Fake Vodka Gang Jailed
25 November 2011, 14:04 | Updated: 30 March 2016, 13:50
Five men who masterminded a major counterfeit vodka manufacturing and bottling plant in Leicestershire, have today been sentenced to a total of 17 years and ten months.
A sixth man will be sentenced on 5 December 2011.
The plot was uncovered in an industrial unit by HM Revenue & Customs (HMRC) when they carried out raids in September 2009. They seized nine thousand bottles of fake vodka, branded as Glen’s, manufacturing equipment, bottles and counterfeit packaging – labels and cardboard boxes, at the remote industrial unit at Moscow Farm near Great Dalby, Leicestershire.
The court heard there was a complete lack of any fire safety measures in the unit posing a serious and life threatening hazard. The alcohol vapour alone could have triggered a major explosion if the lights had been switched on or a naked flame or cigarette had been lit.
Simon De Kayne, Assistant Director of Criminal Investigation for HMRC, said:
“This was a substantial production, bottling and distribution plant with the infrastructure to distribute large quantities of counterfeit Glen’s vodka throughout the country. But it was set up without any thought for the safety of those working there or in the area nearby.
“The gang were fully aware the counterfeit vodka they manufactured contained highly dangerous chemicals making it unfit for human consumption, but were interested only in making a profit at the expense of British taxpayers. The revenue loss to the Exchequer on this haul alone was £1.5 million.”
Upon sentencing His Honour Judge J Sampson said: "This was fraud on an industrial scale. You set out to make as many bottles as humanly possible. If not discovered it would have gone on and the duty loss would have been unquantifiable.”
He added that there were five areas of concern: “The high loss to the taxpayer; the duping of the public; the danger to the public, particularly as bleach was added; the undermining of the genuine brand and danger to the workforce in the factory.”
He also asked for “the team and the investigators to be commended for all the hard work and hours of toil that went into this case.”
The bottles of vodka seized featured professionally printed labels, duty stamps and bottle tops – all of which were counterfeit. Analysis of a sample bottle showed raised levels of methanol. In high quantities methanol can pose health risks.
In addition over 25,000 litres of pure denatured alcohol (methylated spirits) was seized, enough to make around 100,000 bottles of vodka. Denatured alcohol is used as a solvent and contains hundreds of additives. It is coloured purple to distinguish it from drinkable alcohol and is not fit for human consumption. Bleach was used by the gang to remove the colouring to make it clear before diluting to the required strength.
Evidence showed that at least a further 165,000 bottles of fake vodka were manufactured at Moscow Farm during 2008 and 2009. They had been distributed to independent stores across the UK. HMRC officers had seized the same illicit vodka from shops in Salford, London and South Wales. Forensic analysis showed it was a positive match for the vodka seized at Moscow Farm.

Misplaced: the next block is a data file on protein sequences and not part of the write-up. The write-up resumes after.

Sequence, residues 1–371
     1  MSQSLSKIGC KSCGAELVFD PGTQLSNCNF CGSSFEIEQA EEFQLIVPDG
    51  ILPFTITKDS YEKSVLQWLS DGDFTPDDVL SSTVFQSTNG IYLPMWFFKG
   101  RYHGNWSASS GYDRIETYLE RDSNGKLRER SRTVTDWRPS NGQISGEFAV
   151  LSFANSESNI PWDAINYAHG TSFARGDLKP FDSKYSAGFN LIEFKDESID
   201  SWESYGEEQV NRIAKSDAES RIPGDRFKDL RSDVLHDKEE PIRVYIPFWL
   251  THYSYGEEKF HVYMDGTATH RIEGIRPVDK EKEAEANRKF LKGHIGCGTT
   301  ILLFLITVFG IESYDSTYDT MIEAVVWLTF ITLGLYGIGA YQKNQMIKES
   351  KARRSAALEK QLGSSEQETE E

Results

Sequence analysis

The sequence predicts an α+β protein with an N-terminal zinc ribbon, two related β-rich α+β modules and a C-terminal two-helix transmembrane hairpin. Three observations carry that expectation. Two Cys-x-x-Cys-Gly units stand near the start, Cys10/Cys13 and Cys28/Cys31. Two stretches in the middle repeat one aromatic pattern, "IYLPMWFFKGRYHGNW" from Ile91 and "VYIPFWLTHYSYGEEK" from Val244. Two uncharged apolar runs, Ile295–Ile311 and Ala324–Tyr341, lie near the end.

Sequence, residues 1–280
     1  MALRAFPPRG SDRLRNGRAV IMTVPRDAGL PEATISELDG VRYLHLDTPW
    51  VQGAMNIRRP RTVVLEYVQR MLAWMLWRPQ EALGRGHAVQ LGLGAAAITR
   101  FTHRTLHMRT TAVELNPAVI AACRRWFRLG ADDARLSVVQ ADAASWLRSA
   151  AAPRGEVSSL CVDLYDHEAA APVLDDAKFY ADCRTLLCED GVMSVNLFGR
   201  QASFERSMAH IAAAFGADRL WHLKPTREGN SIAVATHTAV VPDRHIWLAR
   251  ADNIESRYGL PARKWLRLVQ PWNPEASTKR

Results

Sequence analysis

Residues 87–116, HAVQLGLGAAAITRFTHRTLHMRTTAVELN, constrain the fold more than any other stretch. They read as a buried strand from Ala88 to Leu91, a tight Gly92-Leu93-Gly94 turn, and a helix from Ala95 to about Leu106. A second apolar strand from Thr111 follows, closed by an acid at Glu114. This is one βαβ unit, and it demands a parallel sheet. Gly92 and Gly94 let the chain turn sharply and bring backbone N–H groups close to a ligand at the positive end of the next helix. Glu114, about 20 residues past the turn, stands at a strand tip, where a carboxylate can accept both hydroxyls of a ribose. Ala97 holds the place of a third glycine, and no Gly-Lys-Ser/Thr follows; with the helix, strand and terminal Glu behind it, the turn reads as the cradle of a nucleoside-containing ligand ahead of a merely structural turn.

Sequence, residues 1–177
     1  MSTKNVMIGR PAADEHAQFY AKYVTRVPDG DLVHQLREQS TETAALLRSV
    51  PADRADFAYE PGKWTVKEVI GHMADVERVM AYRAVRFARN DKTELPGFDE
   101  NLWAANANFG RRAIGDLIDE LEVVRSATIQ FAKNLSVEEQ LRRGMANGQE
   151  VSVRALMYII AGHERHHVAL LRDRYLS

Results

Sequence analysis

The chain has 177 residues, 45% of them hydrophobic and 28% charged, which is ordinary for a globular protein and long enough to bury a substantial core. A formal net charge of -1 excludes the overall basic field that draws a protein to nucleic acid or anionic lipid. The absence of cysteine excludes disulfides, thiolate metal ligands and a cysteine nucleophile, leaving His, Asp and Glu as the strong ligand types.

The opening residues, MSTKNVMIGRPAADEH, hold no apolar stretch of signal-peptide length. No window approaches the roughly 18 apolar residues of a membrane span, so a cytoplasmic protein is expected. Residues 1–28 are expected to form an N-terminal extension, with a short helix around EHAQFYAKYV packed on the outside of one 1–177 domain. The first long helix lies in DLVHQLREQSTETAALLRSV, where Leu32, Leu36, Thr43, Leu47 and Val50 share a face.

A Proceeds of Crime Act investigation is now underway. Assets of around £1.7million have so far been restrained including houses, cars and motorcycles and a number of bank accounts.
The bottling industry has very stringent rules regarding the storage of alcohol and how it is handled in a bottling environment. None of these were observed. There were no roof based sprinkler systems, fire hoses, fire extinguishers, fire safety doors, exit signs, fire blankets, fire shut off valves on any of the pipe work nor air scrubbing systems to remove alcohol vapour that would start to accumulate within the fabric of the building.
Even a small infestation of rats could easily have gnawed through any one of the cables, in this farm environment. With the stored alcohol and so much combustible material lying around in the barn a fire could have started at any time with considerable loss of life. It would have developed into a lethal blaze very quickly. With only one exit point, anyone inside the building would be very unlikely to survive the blaze, as the operatives would have been working down at the far end of the building with their exit blocked by ISO containers full of alcohol. It is likely that the shutter door would have been closed for most of the time to avoid any prying eyes, which again would have increased the hazard potential to anyone inside.
No thought had been given to any safety procedures even in their most basic form.
The health hazards of bleach are clearly marked on any bottle purchased either domestically or in bulk. The labeling is an international standard, the icons used such as the ones on the industrial containers clearly show it is a highly dangerous product, effectively poison if ingested or highly dangerous if it comes in contact with human skin.
It is likely that the people responsible for the bottling of the Glens Vodka would have known that they were putting this highly dangerous product into a bottle for human consumption.
The Health and Safety Executive guidelines clearly state that bleach should not be mixed with anything other than water as it may liberate the chlorine, so creating a highly flammable and toxic mixture.